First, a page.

> a. Scroll to the bottom of the list in the right-hand pane and
> doubleclick the entry "MinLevel"
> b. Replace the current value with 10000, but do _not_ change the radio
> button setting from hexidecimal to decimal
> c. Click OK
> 5: Close Regedit.
> 6: Open Internet Explorer and pick Tools Internet Options
> (or open the Security Center in the Windows Control Panel and pick
> Internet
> Options)
> 7: Choose your security setting as you see fit.
>
> Hope that helps those who don't have time/training to sort it out from the
> KB article--which was really useful to me, by the way Ramesh--I searched
> MS
> web site about six ways to Sunday for an article of just that nature
> before
> finding it here in your post. Some KB articles aren't as step-by-step as
> others though, so I thought this one could use some simplification.
>
> In any case, I really really strongly recommend setting the Internet zone
> to
> high security, then using the custom button to enable file downloads only,
> and using Trusted sites for everything else, because anything less is
> asking
> to get owned, but people are entitled to make their own choices with their
> own machines and there's nothing worse than a hunk of silicon that refuses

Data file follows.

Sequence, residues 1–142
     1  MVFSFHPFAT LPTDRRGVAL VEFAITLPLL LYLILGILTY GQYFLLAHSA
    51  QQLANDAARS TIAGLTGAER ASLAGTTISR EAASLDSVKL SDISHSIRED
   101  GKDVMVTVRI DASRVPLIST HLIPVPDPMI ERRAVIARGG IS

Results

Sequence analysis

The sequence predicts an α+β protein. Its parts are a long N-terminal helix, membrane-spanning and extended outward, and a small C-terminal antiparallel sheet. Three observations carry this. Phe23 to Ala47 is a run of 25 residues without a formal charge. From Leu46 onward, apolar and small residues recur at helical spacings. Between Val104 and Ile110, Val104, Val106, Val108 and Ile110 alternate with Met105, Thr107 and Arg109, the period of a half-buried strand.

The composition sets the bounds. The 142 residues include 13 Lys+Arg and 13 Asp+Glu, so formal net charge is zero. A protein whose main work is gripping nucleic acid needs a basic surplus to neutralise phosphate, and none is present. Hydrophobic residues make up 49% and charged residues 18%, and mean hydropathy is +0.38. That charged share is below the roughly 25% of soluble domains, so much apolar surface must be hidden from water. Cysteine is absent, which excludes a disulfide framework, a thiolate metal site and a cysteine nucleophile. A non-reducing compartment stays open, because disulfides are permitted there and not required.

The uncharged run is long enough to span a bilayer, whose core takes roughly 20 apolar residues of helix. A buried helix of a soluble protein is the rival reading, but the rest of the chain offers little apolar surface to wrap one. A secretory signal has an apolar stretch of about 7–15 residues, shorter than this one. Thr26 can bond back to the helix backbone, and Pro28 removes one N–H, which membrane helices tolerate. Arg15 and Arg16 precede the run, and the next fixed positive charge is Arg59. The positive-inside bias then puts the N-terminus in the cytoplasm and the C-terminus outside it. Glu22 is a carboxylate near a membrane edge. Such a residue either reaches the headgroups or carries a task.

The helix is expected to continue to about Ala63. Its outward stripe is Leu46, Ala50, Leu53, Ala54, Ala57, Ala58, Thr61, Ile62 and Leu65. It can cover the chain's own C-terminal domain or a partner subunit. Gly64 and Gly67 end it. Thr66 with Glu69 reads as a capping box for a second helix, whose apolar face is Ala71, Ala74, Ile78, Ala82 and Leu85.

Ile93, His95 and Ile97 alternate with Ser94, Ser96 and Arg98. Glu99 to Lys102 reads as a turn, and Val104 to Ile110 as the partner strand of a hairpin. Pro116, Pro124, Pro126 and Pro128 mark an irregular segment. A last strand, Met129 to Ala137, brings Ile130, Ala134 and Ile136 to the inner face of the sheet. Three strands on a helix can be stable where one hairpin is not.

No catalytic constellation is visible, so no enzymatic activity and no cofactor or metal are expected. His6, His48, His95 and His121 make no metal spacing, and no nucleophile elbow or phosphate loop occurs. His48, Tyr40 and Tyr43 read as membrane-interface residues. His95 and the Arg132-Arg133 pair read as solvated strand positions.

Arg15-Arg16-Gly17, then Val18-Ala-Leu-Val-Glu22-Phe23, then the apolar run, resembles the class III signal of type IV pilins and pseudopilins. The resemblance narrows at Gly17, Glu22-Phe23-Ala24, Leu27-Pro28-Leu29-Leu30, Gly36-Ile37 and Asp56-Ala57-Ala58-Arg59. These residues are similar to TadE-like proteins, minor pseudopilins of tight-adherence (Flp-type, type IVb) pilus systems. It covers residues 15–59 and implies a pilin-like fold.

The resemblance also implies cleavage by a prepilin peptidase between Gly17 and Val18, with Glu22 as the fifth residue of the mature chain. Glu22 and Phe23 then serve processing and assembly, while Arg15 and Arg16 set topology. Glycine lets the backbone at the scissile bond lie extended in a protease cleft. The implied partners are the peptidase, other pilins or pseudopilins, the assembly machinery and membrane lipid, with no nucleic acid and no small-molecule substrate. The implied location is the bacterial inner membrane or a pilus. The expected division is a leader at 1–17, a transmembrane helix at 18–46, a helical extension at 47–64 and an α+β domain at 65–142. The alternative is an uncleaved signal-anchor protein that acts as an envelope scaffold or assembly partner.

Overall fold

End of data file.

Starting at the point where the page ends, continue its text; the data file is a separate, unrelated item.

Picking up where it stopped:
> to
> do what it's told.
>
> Practice safe Hex, everyone!
>
> -Blake
>
>
> "JT" wrote:
>
>>
>> Ian, I aggree with what you're saying. thanks for the input.
>>
>> Ramesh, thank you as well for the imput. However, I understand what the
>> KB
>> article you pointed me to is saying. I understand that the error occurs
>> when
>> it is below the "recommended" security lever on the slider or the
>> Registry
>> eqivelant. But the article doesn't say 1) if the error is by design or 2)
>> How
>> to bypass the "recommended" level if desired. It doesn't evern
>> acknowledge
>> the error. It just speaks of standard operating procedure.
>>
>> again, thanks to all for the input.
>>
>> Justin

JT
07-09-2005, 11:10 PM
Thanks Blake,
I just ended up repairing the error I was having, instead of adjusting the
security level (Which wasn't reallythe prob to begin with, but I wasn't sure
at the time). I never did end up going through the KB article thoroughly (It
was on my to-do list!) But you made it much easier to fine the means to my
end. I tried it and I will file this away for future use.

Thanks again,
JT


RE: Error when changing Internet security levels below medium